A wild Android release appears! Out of nowhere, Google unleashed the Android N Developer Preview on the world. The new iteration of Google's operating system is more evolution than revolution when compared to Android Marshmallow, but it still comes with a few interesting features.
Apps can now configure themselves so they can be launched in a window. Android offers free-form (floating windows), split-screen and picture-in-picture modes. This feature is new to stock Android, but Samsung has already been doing it for a while. Official support will certainly improve apps' support for windowed mode, though.
In my opinion, Android's notifications system is the best around already, and it's getting better still. Notifications can now be shown as expandable groups, and apps can register specific input behaviors. For example, users can reply to a message or take an action directly from the notification shade. Users with poor eyesight should be happy to know that Android N now has a Screen Zoom feature which makes the OS render everything at an adjustable size, too.
The main focus of this release, however, are power and performance improvements. Marshmallow's Doze battery saving mojo has been improved. Doze now keeps the phone in sleep mode when the screen is off, only doing some actual work periodically. Apps can now set more specific priorities for whatever work they need to do while the screen is off, like handling an incoming notification.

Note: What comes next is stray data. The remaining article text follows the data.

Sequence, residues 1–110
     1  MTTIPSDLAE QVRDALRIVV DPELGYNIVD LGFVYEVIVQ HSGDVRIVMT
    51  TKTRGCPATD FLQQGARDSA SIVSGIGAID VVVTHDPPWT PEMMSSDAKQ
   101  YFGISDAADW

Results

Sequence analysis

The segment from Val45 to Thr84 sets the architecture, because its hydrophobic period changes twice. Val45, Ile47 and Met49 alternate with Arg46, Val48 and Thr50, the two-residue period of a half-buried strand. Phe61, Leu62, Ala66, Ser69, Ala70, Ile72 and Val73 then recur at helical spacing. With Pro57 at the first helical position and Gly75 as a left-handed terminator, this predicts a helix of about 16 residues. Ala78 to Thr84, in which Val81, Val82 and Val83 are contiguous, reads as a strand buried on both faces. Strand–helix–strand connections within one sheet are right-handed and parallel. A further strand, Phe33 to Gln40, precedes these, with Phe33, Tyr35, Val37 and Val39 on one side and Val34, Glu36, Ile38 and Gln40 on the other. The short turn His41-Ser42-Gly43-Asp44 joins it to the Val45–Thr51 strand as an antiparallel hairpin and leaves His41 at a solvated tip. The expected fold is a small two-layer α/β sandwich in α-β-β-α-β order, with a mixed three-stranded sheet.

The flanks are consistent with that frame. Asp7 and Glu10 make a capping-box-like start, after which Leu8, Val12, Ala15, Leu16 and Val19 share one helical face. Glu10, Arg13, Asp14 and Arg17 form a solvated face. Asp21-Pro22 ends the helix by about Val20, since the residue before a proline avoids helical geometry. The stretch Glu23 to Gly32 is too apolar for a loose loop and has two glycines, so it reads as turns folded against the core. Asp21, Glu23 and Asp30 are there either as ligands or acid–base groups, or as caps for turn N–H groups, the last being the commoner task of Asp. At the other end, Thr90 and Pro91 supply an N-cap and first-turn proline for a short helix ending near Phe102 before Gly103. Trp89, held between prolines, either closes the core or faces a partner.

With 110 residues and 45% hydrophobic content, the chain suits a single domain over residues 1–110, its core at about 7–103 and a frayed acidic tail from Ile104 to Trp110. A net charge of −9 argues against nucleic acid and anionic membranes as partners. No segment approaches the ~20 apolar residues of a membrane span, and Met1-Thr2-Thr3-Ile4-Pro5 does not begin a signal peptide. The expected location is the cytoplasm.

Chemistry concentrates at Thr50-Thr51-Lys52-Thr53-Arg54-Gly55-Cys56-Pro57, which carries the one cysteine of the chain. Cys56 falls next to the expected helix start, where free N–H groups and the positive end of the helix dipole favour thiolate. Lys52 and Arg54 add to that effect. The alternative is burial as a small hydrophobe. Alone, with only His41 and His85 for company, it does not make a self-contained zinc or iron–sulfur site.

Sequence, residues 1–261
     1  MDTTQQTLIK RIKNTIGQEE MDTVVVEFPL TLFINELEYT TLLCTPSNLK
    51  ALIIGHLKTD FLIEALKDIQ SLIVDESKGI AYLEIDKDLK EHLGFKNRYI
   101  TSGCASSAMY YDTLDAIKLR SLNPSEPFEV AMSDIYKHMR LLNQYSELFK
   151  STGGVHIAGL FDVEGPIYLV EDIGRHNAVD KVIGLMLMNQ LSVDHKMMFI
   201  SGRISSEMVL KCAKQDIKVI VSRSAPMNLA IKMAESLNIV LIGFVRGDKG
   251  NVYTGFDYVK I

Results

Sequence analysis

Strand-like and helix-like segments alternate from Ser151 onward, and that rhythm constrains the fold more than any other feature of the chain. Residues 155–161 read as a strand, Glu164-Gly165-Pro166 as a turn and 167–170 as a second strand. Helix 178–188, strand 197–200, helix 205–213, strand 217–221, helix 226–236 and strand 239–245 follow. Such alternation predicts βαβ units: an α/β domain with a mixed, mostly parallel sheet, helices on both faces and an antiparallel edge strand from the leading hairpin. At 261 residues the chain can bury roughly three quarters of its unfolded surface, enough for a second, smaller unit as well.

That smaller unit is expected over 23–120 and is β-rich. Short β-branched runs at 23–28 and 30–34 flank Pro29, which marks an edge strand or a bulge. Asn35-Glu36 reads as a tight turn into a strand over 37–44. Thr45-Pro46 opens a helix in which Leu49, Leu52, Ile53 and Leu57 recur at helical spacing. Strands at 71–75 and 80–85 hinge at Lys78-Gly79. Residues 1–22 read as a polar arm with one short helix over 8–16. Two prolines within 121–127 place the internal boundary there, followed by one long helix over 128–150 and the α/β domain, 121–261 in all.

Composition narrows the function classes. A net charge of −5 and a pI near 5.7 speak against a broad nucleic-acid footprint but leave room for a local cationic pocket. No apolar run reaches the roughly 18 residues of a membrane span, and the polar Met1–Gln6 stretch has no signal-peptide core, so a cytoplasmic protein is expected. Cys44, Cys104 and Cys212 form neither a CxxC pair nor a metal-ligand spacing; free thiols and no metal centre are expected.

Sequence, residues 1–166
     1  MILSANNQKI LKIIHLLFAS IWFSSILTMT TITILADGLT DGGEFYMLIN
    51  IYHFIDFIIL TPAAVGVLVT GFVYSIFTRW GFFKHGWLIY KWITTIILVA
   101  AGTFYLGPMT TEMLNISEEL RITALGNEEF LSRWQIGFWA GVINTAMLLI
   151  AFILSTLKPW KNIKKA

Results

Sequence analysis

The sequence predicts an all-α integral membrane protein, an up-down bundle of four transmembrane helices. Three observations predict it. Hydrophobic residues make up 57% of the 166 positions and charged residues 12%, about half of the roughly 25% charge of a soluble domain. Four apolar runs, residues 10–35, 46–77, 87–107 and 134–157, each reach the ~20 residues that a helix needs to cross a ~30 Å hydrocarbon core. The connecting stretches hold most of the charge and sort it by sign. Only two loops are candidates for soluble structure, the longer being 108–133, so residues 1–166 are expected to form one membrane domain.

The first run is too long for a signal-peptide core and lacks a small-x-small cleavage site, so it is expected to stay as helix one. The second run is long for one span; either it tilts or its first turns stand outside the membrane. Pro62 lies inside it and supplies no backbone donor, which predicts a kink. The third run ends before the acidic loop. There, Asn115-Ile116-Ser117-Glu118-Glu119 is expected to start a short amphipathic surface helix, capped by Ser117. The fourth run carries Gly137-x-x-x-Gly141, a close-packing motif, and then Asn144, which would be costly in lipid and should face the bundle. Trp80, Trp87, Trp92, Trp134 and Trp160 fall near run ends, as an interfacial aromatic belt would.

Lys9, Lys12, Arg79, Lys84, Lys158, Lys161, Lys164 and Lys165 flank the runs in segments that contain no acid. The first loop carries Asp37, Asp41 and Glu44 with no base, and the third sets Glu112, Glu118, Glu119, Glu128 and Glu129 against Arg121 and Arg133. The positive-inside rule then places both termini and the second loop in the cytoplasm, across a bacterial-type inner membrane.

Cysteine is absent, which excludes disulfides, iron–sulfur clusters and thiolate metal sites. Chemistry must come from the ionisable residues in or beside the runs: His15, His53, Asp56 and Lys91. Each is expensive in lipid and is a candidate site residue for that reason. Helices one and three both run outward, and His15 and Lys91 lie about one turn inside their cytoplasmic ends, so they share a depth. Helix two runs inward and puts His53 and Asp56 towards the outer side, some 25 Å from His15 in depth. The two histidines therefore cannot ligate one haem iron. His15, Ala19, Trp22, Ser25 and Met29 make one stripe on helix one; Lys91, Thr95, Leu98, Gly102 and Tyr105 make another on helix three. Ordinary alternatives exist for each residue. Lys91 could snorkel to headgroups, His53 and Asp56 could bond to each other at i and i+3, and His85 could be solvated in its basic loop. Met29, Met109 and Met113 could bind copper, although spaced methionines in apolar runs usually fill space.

The Project Svelte app thinning effort also resulted in some changes in Android N. There are now tighter controls in place about what kind of work applications can do while running in the background. The Data Saver feature also gives apps a shorter leash when it comes to mobile data usage. The system "blocks background data usage and signals apps to use less data in the foreground wherever possible."
Android N's development process is a little different from the usual. Google is now releasing a "work in progress" build, so that it has more time to receive and act on developers' feedback. According to the company, this also allows it to send the final build (expected around summer) to manufacturers a little earlier.
The new Android Beta program lets developers can install the preview version of Android N on their Nexus devices and easily receive OTA updates. Developers also get a $150 discount on the purchase of a Pixel C convertible—just enter your e-mail here and get a coupon.
|TR's 2017 Chrismas giveaway: eight days left and counting||0|
|MSI gives Radeon RX Vega cards an Air Boost||5|
|Corsair's latest SO-DIMM kit takes 32 GB of DDR4 to 4000 MT/s||2|
|Report: Intel Inside co-marketing program will get a budget cut||24|
|Gingerbread House Day Shortbread||16|
|iMac Pro details and release date come into focus||45|
|Radeon Software Adrenalin Edition: an overview||23|
|Tuesday deals: NVMe storage, a GeForce GTX 1080 Ti, and more||9|
|Intel 15.60 IGP drivers are sitting pretty for Okami HD||6|
|Full disclosure: while I work for Intel; the opinions I express here are my own I think I understanding the issue you ran into. For the Braswell platf...||+31|